Asia Argento Accuser Breaks Silence and Confronts ‘Stigma’ of Being a Male Survivor
Actress Asia Argento was one of the first women to accuse movie mogul, Harvey Weinstein of sexual violence last year, becoming a leading voice of the #MeToo movement. Now, Argento stands accused of sexual assault, which the actress-director denies, and of allegedly covering up the assault by paying off the accuser. The alleged victim is 22-year-old Jimmy Bennett, an actor who was a teenager at the time of the alleged assault. A few days after the story broke in the New York Times, Bennett has spoken out.
The New York Times story about the alleged assault reveals that Argento is accused of sexually assaulting Bennett five years ago when Bennett was 17 years old. Argento also reportedly paid Bennett $380,000 in a legal settlement last year. Bennett posted a statement to his Instagram account on Wednesday, addressing what happened to him and the stigma of surviving sexual abuse as a man.
Despite the prevalence of female survivors, sexual violence against men is common. According to the Rape, Abuse & Incest National Network, one in 10 rapes committed in the US are against men. Men between 18 and 24 who are also college students are statistically likeliest to experience sexual abuse.
Bennett’s statement begins by acknowledging the many people — both men and women — who have recently come forward to name their powerful abusers, and said that he “did not initially speak out about my story because I chose to handle it in private with the person who wronged me.” After the story of Argento’s alleged abuse broke this week, Bennett writes that he was “ashamed and afraid to be a part of the public narrative.” Bennett’s statement also confronts the stigma that comes with being a male survivor of sexual violence.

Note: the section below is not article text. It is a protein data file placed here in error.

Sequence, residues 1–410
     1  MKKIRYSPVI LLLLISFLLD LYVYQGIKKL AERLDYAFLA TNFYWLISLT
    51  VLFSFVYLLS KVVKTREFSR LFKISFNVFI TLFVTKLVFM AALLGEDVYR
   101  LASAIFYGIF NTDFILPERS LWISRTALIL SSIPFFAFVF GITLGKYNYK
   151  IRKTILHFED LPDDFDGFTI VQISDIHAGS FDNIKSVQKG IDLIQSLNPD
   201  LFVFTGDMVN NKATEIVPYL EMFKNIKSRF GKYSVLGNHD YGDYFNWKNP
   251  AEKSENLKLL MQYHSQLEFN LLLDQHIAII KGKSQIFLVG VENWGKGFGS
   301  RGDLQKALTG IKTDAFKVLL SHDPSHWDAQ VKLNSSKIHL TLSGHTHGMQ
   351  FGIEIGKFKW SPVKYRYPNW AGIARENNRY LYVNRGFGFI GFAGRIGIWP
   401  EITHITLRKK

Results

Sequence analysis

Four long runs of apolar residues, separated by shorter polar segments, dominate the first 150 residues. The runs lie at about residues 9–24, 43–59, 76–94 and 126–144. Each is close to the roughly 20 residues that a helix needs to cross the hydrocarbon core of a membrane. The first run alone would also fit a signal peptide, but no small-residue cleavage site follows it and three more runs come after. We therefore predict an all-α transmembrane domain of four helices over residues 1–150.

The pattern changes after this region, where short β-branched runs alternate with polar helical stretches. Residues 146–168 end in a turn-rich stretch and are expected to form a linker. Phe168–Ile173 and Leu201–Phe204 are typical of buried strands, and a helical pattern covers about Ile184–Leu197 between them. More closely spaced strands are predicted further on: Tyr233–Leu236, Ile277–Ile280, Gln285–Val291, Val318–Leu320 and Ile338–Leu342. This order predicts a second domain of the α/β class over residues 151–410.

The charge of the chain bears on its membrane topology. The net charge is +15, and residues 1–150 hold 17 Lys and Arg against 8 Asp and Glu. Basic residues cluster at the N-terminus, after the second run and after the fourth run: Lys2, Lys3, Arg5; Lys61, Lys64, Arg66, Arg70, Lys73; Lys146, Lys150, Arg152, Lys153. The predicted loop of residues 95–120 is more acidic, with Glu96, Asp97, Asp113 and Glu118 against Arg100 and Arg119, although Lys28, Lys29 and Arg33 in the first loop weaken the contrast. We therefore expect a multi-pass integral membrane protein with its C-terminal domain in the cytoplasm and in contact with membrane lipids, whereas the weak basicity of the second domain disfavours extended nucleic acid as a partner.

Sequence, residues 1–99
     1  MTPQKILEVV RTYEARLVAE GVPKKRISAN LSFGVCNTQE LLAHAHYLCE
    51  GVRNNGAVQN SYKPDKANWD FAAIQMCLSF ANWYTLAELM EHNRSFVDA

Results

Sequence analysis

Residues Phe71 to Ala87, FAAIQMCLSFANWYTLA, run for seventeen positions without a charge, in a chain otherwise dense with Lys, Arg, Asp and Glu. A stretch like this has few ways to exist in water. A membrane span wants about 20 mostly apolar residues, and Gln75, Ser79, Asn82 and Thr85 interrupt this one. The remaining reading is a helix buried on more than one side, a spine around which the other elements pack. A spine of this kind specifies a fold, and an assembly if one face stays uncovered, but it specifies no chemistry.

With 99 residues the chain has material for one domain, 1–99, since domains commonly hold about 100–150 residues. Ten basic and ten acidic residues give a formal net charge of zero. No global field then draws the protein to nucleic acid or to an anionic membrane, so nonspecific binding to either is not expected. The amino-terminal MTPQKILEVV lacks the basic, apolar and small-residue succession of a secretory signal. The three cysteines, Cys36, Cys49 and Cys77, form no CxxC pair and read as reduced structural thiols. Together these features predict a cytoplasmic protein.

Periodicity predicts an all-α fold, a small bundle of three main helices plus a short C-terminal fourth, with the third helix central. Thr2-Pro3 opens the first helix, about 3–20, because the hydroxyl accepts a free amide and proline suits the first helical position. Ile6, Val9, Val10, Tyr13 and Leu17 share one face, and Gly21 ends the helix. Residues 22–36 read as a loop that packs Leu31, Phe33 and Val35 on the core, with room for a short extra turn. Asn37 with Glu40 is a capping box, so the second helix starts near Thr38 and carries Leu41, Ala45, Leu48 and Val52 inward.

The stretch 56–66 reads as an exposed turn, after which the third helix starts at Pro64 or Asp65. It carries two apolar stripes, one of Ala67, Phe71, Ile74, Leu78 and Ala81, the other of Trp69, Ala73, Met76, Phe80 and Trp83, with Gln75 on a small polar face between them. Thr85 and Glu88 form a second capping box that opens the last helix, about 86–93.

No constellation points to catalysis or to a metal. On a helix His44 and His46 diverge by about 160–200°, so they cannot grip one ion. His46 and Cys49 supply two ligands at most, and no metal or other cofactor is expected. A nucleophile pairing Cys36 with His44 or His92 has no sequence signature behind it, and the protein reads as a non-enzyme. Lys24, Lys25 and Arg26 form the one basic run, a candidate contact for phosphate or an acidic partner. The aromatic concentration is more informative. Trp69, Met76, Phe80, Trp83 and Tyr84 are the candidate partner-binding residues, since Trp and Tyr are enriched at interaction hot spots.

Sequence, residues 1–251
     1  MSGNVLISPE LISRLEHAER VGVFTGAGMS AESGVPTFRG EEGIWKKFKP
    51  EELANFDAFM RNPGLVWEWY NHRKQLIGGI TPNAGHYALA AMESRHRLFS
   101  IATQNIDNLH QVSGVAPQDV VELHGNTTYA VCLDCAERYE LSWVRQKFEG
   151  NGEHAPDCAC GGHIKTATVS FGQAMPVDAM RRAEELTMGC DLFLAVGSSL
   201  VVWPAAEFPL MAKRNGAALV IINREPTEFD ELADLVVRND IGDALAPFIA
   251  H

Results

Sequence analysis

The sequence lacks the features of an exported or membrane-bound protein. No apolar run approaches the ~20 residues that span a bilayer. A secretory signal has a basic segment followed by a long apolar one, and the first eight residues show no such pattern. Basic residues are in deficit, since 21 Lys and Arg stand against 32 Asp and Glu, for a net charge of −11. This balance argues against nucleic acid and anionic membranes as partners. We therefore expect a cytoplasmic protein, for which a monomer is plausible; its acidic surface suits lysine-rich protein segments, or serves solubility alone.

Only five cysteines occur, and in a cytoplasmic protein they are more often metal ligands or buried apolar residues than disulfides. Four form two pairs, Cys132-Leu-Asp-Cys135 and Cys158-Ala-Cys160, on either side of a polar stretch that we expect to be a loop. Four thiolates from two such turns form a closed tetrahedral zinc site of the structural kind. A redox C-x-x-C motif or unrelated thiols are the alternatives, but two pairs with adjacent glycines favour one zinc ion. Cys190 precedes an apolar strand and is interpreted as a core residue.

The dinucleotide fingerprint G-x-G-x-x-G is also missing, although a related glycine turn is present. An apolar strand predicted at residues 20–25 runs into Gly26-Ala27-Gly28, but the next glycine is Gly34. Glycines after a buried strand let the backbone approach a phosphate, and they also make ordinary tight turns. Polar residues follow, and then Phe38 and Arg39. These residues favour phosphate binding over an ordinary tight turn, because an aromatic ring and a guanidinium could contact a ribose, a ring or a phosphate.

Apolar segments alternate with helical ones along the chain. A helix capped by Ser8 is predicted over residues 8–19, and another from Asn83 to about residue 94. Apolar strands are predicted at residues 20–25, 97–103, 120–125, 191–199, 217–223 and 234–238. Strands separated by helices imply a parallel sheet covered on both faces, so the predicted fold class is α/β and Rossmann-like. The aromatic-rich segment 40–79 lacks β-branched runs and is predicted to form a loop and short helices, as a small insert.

Many survivors deal with stigma, shame, gaslighting, and all kinds of harmful messaging because sexual abuse is still not always taken seriously, or even seen as a problem, by some people. Coming forward about an experience of sexual violence as a man can mean having your masculinity and possibly sexuality called into question, in addition to the possibility of being told nothing bad happened or to just “get over it.”
In a statement sent to New York journalist Yashar Ali, Argento refuted the claims of abuse. She also said that her partner, the recently deceased author, chef, and TV star Anthony Bourdain gave financial support to Bennett so that Bennett would not damage either Bourdain’s or Argento’s reputations while the resurgence of #MeToo was playing out last year.
This whole thing with Harvey Weinstein is giving me PTSD. Why? Because this kind of thing happened to ME. (1/Cont.)
— terrycrews (@terrycrews) October 10, 2017
Actor Terry Crews was among the first prominent male actors in Hollywood to speak out about sexual abuse perpetrated against men in the wake of accusations against Weinstein. In October last year, Crews wrote in a series of tweets that he was groped by a Hollywood executive at a party years ago.
Crews says he didn’t tell his story at the time because he feared being “ostracized.” Some asked Crews why he didn’t just use physical force against the abuser, to which he responded that he feared being arrested or worse if the situation escalated and police came to the scene. This summer, Crews testified about his experience in front of the Senate Judiciary Committee in support of the Sexual Assault Survivors Bill of Rights.
Bennett, too, said he will “move forward” from the alleged abuse, “no longer in silence.”
What do you think? Tell us on Twitter @BritandCo.
(photo by Frazer Harrison/Getty)